The list of international economic problems that will trouble policymakers in the 1990s is long and diverse. Among the most important issues for U.S. national security are three that pertain primarily to relations among the developed countries: encouraging stability and reform in the Soviet Union, maintaining a cooperative U.S.-Japanese relationship, and avoiding vulnerabilities from the globalization of America's defense industrial base. Three more major issues facing the United States have a North-South dimension: reducing dependence on oil from the Persian Gulf, moderating the impact on the Third World of the prolonged debt crisis, and limiting the damage from the narcotics trade.
Clearly this list is not exhaustive; it could be lengthened without difficulty. Several issues that deserve emphasis in purely economic terms-from the outcome of the multilateral trade negotiations, to the competitiveness of American industry, to the future of the U.S. budget deficit-weave their way in and out of the entire list.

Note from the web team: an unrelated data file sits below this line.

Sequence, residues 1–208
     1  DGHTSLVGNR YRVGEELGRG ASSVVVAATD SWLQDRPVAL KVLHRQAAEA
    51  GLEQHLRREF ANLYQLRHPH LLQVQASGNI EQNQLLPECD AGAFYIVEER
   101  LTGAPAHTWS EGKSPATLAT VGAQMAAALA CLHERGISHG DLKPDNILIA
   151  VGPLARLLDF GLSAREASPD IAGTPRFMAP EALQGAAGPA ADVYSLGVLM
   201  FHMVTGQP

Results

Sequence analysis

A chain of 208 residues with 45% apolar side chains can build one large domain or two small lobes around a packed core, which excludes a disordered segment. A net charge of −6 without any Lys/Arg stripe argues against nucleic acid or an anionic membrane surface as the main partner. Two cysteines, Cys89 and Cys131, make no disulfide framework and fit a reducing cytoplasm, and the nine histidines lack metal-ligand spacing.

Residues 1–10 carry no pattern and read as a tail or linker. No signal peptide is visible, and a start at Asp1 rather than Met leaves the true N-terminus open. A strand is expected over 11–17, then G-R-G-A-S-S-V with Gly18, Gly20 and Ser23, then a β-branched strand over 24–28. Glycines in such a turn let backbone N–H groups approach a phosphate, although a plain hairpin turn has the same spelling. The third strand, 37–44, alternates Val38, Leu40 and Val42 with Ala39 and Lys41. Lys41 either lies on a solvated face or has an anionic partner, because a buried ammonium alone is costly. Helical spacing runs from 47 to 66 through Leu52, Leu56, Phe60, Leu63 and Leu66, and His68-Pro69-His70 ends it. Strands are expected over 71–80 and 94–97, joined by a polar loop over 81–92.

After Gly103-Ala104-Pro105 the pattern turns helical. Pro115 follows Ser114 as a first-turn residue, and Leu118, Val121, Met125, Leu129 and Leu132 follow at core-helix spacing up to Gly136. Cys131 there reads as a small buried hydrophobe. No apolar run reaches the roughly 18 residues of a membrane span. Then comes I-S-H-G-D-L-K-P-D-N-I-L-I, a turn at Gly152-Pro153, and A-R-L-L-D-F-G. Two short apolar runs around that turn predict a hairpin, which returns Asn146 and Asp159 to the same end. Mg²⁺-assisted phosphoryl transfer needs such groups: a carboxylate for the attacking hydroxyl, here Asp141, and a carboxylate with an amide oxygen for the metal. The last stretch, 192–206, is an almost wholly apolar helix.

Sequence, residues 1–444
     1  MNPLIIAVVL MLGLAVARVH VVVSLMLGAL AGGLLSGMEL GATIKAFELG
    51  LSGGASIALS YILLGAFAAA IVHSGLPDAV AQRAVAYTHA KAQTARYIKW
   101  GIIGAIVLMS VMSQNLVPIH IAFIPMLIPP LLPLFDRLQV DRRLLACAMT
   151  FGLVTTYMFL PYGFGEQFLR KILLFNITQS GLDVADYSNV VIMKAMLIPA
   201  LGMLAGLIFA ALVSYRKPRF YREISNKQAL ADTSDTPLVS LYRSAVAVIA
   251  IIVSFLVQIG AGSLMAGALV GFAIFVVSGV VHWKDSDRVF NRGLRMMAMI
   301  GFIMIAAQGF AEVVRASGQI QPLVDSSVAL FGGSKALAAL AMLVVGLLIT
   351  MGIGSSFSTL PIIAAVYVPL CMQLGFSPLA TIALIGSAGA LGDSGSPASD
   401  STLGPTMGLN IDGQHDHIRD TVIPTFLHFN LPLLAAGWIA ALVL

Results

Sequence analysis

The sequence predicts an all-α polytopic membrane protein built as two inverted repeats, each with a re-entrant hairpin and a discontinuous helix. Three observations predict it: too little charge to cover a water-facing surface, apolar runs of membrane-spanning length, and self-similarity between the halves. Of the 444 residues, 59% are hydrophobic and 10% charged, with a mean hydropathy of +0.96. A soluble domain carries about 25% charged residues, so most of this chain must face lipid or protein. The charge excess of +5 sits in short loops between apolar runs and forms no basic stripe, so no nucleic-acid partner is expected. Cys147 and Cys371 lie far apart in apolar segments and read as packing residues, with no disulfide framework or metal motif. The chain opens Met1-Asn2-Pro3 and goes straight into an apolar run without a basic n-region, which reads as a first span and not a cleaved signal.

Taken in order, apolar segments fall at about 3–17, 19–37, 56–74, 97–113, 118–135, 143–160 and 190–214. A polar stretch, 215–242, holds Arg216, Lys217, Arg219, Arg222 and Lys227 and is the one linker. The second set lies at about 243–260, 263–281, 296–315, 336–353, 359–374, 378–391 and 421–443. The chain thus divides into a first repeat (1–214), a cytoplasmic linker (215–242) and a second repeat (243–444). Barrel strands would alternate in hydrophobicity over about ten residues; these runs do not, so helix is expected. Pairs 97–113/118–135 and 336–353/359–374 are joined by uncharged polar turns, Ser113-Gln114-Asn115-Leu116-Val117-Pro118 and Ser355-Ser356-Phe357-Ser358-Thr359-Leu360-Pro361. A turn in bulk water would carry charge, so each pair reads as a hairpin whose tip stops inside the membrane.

In the six primary areas examined here, U.S. national security policy in the 1990s faces a challenge of a different order than that confronted during the Cold War period: not clear and present dangers requiring great sacrifices, but dim and distant dangers calling for small sacrifices. The array of threats to American well-being on today's horizon is no less real than in earlier periods and in some cases may turn out to be even more troublesome. But meeting these threats will require a new kind of leadership: the management of the mundane.
Before turning to the broader theme of economic policy and the evolving strategic concerns of the United States, it is important to look closely at each issue on its own terms.
Does the United States have an interest in joining with other countries to provide large-scale financial support to the Soviet